As a musician I’ve always been in love with many different styles of music, and I’ve played with the people who play everything. And that’s what it’s really about––you take in everything and you do as much as you can, learn everything and let those lessons make your music all the better.

WiMN: Can you tell us a favorite memory you have of collaborating with Prince?

SE: Every artist that I’ve worked with has their own uniqueness about them, Prince is no different. I can say that working with Prince was always unique in what we were able to create; there is a certain something about our collaborations that allowed us to push boundaries and share our talents in a way that challenged and changed us both.

WiMN: Tell us some of the musical projects you’re currently working on.

SE: I’ve got a new record. And it’s everything I want it to be. It’s called ICON, which is really a dedication for my fans who inspired me to put out a record and pour my heart into it. We had a very successful European release in November of last year, and I haven’t been able to stop since then. I’m excited for the upcoming U.S. release and tour, and really I’m just soaking it all in. I’m very, very thankful, so happy. And most of all, excited!

WiMN: Who are some of your female role models in the industry––musicians or otherwise?

SE: Personally, I’ve got a soft spot for Oprah and what she’s done not only as an entertainer but as a businesswoman. I believe our First Lady Michelle Obama is an exemplary role model, and Justice Sonia Sotomayor is a role model for Latinas and an inspiration for all women.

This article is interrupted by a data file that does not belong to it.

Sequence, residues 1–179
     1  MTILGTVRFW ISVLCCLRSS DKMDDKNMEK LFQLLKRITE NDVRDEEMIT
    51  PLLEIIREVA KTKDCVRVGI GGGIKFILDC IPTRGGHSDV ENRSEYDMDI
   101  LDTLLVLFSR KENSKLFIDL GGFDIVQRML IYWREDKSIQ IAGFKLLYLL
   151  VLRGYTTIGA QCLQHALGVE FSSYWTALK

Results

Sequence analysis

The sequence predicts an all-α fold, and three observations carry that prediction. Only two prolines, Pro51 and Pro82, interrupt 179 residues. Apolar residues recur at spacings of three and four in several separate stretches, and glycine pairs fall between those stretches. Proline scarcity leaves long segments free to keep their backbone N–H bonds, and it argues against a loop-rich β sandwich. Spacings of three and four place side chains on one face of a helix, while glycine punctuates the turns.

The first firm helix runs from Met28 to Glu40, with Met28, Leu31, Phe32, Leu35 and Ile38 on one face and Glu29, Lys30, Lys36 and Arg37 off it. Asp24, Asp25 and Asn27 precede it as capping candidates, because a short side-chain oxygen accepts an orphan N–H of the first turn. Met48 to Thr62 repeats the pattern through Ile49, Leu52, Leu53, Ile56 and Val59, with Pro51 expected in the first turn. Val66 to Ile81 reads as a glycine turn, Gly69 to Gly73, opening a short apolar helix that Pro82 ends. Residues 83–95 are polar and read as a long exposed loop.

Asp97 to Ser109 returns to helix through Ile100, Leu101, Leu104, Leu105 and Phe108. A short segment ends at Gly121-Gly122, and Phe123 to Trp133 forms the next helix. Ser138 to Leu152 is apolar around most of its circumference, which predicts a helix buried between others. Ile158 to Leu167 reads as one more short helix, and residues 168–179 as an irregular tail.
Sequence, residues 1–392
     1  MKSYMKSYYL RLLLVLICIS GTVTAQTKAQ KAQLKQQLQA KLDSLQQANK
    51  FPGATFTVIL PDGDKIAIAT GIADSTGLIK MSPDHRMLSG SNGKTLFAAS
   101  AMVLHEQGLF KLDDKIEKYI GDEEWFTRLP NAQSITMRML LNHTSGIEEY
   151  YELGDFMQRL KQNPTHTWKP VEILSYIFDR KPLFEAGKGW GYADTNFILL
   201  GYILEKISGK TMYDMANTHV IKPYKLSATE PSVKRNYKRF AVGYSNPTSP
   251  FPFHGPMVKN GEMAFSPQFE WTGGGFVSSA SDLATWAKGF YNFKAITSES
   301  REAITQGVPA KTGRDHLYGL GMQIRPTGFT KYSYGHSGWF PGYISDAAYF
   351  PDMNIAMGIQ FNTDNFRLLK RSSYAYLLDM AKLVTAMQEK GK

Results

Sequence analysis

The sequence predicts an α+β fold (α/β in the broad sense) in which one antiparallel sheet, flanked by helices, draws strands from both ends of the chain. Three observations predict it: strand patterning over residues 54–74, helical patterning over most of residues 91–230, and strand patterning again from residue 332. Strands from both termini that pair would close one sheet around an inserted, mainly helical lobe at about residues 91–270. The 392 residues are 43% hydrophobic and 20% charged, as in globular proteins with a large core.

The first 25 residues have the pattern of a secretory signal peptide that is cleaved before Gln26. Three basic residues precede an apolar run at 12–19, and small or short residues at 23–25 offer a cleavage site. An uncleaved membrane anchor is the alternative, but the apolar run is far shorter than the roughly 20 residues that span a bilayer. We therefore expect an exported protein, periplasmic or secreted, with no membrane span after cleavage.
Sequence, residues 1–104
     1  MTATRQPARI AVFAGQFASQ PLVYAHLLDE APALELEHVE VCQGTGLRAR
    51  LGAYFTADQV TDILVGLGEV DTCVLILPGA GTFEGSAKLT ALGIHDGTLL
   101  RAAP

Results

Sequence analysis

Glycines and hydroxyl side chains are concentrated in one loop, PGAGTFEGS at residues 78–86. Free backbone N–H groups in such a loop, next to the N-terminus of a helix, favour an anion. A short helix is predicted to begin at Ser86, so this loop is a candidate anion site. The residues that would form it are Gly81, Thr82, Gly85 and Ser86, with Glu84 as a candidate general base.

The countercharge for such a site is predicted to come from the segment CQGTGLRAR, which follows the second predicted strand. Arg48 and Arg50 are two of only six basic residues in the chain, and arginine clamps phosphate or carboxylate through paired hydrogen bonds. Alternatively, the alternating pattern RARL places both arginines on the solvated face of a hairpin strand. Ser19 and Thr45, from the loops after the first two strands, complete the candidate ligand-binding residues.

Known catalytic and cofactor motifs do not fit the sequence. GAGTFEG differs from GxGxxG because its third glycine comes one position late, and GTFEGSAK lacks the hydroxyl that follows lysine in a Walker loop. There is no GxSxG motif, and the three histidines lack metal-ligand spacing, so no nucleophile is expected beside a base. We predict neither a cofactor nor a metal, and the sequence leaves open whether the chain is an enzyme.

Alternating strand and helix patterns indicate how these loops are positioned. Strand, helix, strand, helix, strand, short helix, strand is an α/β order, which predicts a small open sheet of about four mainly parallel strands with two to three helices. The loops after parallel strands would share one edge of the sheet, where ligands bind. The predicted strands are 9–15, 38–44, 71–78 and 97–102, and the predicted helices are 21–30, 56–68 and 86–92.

WiMN: If you could give one piece of advice to a young female drummer aspiring to be a professional musician, what would that be?

SE: Get out there! Music is a collaborative art, you don’t get anywhere if you don’t try, stick your neck out, and start playing anywhere you can and with whoever you can. It’s a learning process, and the only way to get better is to keep pushing yourself, whether it’s comfortable or not. Know your instrument, love it and share it with whomever will listen. While it’s certainly still true that female drummers have the extra challenge of not being as widely represented or acknowledged, it’s not an impossible road. It’s a road worth taking, and if you want it, go for it.

WiMN: Can you share your experience as a woman in the industry? Have there been challenges?

SE: The industry itself is challenging, for men and women alike. It’s a difficult business, and it’s always changing. As a woman, of course there have been obstacles and prejudices I’ve had to work through, walls that were placed in front of me specifically because of my gender, and it can be difficult to navigate. I’m a musician first and foremost, and while I’m both Latina and female, and proud of it, it has been a challenge to shed the prefixes and be acknowledged as a musician, and a good one. I am thankful to have had, and to continue to have, a career where my talent is put first, and where I have been able to be involved in projects I’m passionate about rather than feeling as if I have no other options.

What I believe is important, especially for musicians just starting to navigate the business, is knowing where to draw a line between what you will do and what you won’t––you’ve got to be aware of what you’re doing and why you’re doing it. If you don’t have those answers, or if the answers compromise your moral or ethical foundations in any way, it’s probably not going to be worth it.